500 Million Africans Who Died in Slavery Honored by The Paul Bogle and Black Restoration Foundation
This year’s event celebrated around the world mostly in Black countries in honor of hero, Paul Bogle was themed, “Lit 1 Million Candles to commemorate the memory of 500 million Africans who died in Slavery,”
The Paul Bogle Foundation in collaboration with Black Restoration Foundation have honored October 24, as the Day of Commemoration for all Africans who died as a result of Slavery at the Kumasi Cultural Center yesterday.
Paul Bogle, a Jamaican Baptist deacon and Activist was born around 1822. He was a firm political adherent who helped to shape the destiny of Blacks through mobilization of Africans to fight against slavery. Remembered for his role in the 1865 Morant Bay Rebellion, he was captured and hanged on October 24, 1865 by the United Kingdom (Jamaica was a British colony) after his forceful demonstration.
His act paved the way for the establishment of just practices in the courts and it brought about a change in official attitude, which made possible the social and economic betterment of the people.
This year’s event celebrated around the world mostly in Black countries in honor of hero, Paul Bogle was themed, “Lit 1 Million Candles to commemorate the memory of 500 million Africans who died in Slavery,” a rite of passage performed to find rest for all the souls of ancestors who did not get a burial and to promote love and good-will among all Africans home and abroad.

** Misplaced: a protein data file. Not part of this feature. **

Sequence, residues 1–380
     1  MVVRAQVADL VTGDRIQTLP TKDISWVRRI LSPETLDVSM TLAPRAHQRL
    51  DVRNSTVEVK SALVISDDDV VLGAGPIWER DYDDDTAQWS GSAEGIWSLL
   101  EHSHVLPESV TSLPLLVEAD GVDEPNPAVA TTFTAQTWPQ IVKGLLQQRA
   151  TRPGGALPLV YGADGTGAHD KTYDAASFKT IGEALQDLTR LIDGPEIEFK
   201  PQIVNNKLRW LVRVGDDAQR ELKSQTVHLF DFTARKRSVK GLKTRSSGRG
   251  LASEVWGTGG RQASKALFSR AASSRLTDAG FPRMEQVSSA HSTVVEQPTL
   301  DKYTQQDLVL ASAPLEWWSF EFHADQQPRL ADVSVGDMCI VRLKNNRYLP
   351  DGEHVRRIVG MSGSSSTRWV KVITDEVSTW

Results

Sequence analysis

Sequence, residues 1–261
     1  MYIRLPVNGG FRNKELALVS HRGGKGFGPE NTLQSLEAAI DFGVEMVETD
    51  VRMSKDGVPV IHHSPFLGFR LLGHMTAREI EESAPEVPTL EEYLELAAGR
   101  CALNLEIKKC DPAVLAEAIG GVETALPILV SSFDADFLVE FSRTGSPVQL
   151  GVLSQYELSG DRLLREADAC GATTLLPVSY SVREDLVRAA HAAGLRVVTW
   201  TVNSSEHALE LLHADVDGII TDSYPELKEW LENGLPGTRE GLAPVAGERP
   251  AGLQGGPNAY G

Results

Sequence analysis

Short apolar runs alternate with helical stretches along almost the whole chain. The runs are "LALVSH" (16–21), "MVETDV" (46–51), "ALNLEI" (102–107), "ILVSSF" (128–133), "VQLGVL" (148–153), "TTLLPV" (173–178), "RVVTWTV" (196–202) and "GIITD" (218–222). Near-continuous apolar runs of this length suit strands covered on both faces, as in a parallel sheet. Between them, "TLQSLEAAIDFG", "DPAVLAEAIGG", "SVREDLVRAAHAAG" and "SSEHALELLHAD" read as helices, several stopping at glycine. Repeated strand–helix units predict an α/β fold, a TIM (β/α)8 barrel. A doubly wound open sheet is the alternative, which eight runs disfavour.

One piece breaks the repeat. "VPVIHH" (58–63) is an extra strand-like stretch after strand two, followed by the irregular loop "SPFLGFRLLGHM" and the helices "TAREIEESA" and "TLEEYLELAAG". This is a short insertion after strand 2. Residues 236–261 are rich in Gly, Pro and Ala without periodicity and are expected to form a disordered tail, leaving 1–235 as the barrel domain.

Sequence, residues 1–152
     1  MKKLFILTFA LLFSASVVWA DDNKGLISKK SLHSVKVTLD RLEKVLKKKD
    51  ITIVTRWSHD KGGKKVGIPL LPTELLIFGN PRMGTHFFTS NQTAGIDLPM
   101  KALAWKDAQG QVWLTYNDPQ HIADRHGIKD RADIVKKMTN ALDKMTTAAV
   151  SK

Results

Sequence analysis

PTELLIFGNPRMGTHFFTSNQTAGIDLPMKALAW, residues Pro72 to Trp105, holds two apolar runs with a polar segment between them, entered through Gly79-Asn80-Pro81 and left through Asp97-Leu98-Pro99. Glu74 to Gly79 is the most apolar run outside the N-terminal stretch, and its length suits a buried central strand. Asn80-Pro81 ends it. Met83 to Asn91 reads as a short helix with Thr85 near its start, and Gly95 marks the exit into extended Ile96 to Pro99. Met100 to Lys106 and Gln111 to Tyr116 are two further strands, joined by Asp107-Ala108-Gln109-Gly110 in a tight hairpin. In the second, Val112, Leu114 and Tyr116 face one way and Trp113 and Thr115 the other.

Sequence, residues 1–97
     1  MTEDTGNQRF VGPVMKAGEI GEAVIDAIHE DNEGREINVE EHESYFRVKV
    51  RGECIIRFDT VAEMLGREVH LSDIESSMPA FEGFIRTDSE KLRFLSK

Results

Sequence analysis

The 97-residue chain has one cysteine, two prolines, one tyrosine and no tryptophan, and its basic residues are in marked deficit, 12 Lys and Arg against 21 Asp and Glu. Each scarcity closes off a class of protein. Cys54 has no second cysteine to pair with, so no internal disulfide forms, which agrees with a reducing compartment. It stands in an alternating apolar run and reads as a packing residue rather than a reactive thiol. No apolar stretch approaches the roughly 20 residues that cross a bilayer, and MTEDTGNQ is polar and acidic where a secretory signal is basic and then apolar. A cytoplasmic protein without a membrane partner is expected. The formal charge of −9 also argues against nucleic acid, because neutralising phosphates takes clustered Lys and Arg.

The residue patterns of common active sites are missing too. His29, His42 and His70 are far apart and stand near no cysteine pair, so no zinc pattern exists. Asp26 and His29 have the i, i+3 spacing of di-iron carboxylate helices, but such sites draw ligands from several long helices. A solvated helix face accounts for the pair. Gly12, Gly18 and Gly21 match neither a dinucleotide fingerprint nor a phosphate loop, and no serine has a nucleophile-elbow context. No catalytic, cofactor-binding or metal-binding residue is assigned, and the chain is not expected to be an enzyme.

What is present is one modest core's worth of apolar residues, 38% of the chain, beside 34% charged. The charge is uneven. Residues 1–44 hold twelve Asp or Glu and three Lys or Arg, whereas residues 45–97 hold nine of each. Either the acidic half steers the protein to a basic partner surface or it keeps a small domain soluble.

Members of the Foundations trooped through the streets of Bantama holding sticks lit with fire believed to be a symbol of cleansing and purity, in order to create unification for the black race.
They were escorted with drums singing war songs and finally settled at the Komfo Anokye Roundabout. They poured libation in honor of the ancestors to cleanse, purge, purify and unite the peoples of the Black race.
“We are calling all who died in Africa, those who died on the land, in America or in the diaspora to come back to Africa together and unify us. We call them to bring prosperity to Africa. Be with us and back us. We are restoring Africa, let the glory of the whole world come to Ghana and Africa,” he called.
According to the Otumfuo Ntahera and Head of the 10 clans, Nana Yaw Frimpong, this year’s durbar was the second of a kind after the Jamaican community presented the idea on the need to honor the day. He debriefed that October 24 is revered to uncover the hard work of Paul Bogle and all Africans who fought the fight for Africa's Independence.
“Our walk is to bring to light the works of Paul Bogle as the first Black man who commenced the fight of freedom.
He enlightened that the reason for walking on the streets with sticks lit with fire is a demonstration of a new beginning and togetherness among Blacks.
“Lightening the Fire means cleansing and fire also mean purity, in order to create a unification of the black race. We later burnt the sticks together to create a spiritual cleaning,” he added.